The Student’s t-test was used to compare continuous variables between groups, and the chi-square test was applied to test the differences in categorical variables. BP differences within a group during the study period were tested by repeated analysis of variance (ANOVA) measurements. If the assumption of sphericity was violated, adjusted P-values were calculated using the Greenhouse–Geisser Epsilon (G–G) correction. Univariate linear regressions were performed to test the relationship between SBP changes from baseline to 6 or 12 months of follow-up in both the groups. This relationship was further analyzed using multivariate linear regression and adjusting for potential confounding factors, including diabetic mellitus (DM), smoking, stroke, and changes in the number of classes of antihypertensive agents patients received. In addition, univariate linear regression was used to determine correlations between SBP reductions at 1 year and the maximal or mean SBP reductions 6 h post-CAS. The statistical significance was set at a P-value <0.05. Analyses were performed using the SAS statistical software 9.1 (SAS Institute, Cary, NC, USA).
A total of 202 patients were recruited for this study (Figure 1). After omitting patients who met the exclusion criteria, 72 patients were enrolled in the CAS group and 82 in the medication group. According to the baseline characteristics (Table 1), the number of patients who smoked was significantly higher in the CAS group than in the medication group (55.7% vs 33.7%). There were also more patients with a history of stroke in the CAS group than in the medication group (57.1% vs 41.5%). However, more patients in the medication group had DM than in the CAS group (53% vs 34.3%). Other baseline characteristics were similar between groups.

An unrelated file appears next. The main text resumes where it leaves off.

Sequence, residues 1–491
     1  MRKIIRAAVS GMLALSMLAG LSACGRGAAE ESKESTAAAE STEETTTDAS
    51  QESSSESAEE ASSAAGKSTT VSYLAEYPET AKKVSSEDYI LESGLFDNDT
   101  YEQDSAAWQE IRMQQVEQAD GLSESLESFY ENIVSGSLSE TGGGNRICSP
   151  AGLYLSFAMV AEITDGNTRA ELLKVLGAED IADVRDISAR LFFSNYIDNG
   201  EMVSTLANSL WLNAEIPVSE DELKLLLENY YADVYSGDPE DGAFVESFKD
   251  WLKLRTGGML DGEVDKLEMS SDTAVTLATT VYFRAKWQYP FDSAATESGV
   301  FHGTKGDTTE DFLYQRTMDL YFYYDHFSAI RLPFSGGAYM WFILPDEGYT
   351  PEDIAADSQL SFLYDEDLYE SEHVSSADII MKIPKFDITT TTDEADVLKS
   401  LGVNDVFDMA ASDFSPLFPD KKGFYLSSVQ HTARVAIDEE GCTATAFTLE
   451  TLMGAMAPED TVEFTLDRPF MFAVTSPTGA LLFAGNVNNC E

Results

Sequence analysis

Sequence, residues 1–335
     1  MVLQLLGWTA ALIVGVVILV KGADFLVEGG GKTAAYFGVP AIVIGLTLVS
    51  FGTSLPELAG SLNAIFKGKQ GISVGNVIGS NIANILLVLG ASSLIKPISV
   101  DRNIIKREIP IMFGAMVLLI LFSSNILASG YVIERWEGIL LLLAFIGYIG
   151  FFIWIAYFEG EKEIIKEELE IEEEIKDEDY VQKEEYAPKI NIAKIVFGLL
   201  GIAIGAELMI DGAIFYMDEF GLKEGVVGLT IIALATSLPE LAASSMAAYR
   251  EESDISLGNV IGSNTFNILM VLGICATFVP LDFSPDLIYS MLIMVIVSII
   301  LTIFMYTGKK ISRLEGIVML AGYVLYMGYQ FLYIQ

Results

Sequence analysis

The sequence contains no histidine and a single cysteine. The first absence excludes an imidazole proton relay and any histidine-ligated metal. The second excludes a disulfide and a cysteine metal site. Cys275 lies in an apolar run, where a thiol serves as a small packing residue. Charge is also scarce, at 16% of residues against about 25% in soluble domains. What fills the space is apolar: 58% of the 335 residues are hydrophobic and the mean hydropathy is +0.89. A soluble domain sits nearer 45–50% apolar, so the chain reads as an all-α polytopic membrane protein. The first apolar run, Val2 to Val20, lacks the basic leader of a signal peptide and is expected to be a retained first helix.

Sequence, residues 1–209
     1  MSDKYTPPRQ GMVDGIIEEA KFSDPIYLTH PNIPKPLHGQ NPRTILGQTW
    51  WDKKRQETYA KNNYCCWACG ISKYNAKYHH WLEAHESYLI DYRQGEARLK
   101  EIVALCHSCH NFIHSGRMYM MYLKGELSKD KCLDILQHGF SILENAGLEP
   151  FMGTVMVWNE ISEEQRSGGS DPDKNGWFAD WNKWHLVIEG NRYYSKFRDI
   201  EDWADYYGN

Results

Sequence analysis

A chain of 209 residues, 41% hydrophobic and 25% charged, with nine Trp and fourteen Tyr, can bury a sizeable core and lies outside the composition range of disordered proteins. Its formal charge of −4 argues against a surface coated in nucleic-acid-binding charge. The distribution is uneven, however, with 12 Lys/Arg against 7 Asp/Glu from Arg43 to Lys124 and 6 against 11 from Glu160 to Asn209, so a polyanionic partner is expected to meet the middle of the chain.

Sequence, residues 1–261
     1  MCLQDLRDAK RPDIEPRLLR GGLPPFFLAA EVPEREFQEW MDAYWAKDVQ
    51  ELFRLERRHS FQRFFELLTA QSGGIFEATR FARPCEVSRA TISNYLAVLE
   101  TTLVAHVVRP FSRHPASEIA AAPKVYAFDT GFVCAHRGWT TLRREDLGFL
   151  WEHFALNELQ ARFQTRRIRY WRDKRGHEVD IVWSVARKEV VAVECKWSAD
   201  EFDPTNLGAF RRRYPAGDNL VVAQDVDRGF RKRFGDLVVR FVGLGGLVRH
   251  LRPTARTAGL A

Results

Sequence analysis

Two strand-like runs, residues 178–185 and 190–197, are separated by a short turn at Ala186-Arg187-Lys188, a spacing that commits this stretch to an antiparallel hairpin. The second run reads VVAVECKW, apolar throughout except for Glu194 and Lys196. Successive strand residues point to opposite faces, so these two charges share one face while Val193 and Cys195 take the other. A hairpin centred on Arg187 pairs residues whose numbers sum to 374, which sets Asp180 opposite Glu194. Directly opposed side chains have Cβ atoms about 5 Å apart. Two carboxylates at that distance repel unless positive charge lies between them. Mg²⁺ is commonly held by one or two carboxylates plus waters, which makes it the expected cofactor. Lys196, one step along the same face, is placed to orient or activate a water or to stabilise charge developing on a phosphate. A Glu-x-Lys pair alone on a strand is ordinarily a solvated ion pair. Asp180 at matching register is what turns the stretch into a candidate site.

Table 1 Comparison of baseline characteristics between medication and CAS groups
Figure 1 Flow chart of patients enrolled and reasons for exclusion.
Mean baseline BP was also similar between groups (Table 2). However, the mean baseline SBP was at borderline, which is statistically and significantly higher in the CAS group than in the medication group. The number of classes of antihypertensive agents that patients received at baseline was similar between groups; both the groups used nearly two classes of antihypertensive agents on average at baseline.
Changes of BPs and number of classes of antihypertensive agents used at different time points